A houseful of people all weekend. All people I like, too, so that was good. A lot of work got done, a new mailbox was installed, and there was much foodening.
Last night I dreamt I was on a battleship. I had a turtle as a pet, and I had to speak to Admiral Nimitz. Unfortunately, every door I tried to get me to the bridge led somewhere else, and I had to stop every few steps to help someone or another, or make a decision for them. WonderWoman and I talked a lot this weekend about being the person called upon to make constant decisions and keep the peace, and how it becomes a reflex. Food for thought all over that.
I’m a little piqued today by people writing to chide me for not having Emma and Archibald “in a relationship.” They are in a relationship–it’s called a friendship, and neither of them are interested in each other romantically. Why is this even a thing? Because I’m a female writer? Because there’s no other reason for a guy and a girl to hang out together? Because I’ve written romance before? It seems like there’s either too much or not enough romance in any book I write, and I just wonder about why people pick that to complain about. Sometimes it’s a part of the story, sometimes it’s not–just like in life.
The complaints tend to come in waves every two or three months, and I’m not quite sure what to think about that.
There’s this whole glorification of “romantic” love in our culture. We’re addicted to the idea, the emotional jolt. 99% of our songs, most of our movies, a good chunk of our books, commercials, TV shows, all these things we consume, hing on different permutations of this “romantic” thing. It’s a fascinating cultural conversation to watch, but it’s so insidious–like the endless daily messages directed at women to be thinner/sexier/less threatening/more hairless in certain spots. It becomes reflexive, and feeds on itself over and over again, amplifying each time.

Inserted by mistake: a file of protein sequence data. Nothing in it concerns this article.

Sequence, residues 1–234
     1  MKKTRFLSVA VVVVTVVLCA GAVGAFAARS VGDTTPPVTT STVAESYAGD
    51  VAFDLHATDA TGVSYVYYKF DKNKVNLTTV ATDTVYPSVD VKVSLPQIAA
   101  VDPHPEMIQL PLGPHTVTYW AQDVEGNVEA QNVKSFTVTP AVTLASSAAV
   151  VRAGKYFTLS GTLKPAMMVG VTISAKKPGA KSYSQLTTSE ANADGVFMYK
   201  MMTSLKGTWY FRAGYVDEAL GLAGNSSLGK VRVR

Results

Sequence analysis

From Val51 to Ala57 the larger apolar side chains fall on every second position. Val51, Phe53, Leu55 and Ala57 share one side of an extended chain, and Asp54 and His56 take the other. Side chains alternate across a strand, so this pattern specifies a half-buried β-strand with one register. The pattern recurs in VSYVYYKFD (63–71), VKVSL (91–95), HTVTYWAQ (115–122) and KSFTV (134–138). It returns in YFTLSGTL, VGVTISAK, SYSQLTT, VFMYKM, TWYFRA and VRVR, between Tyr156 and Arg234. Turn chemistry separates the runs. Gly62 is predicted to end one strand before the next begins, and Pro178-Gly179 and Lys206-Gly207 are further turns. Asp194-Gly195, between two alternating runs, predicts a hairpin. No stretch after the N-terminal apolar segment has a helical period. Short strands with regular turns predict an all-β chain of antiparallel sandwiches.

Maybe it’s just because I’m getting older, but sometimes the constant banging on the “you have to ‘love’ someone” gong is overwhelming and a little terrifying. My fairy-tale YAs all have that component, because it’s in the original tales, but Bannon & Clare? Not so much, because it doesn’t serve the story. Emma is involved elsewhere and Archibald, well, he’s not wired for romantic love. Their relationship is full of other things, and while it does contain a particular type of love it’s definitely not the type I suspect a lot of readers are expecting.
I do know I’m not going to be shoehorning those sorts of relationships everywhere, in every book, just because. It’s an important part of life, and stories, but it’s not the only thing in either.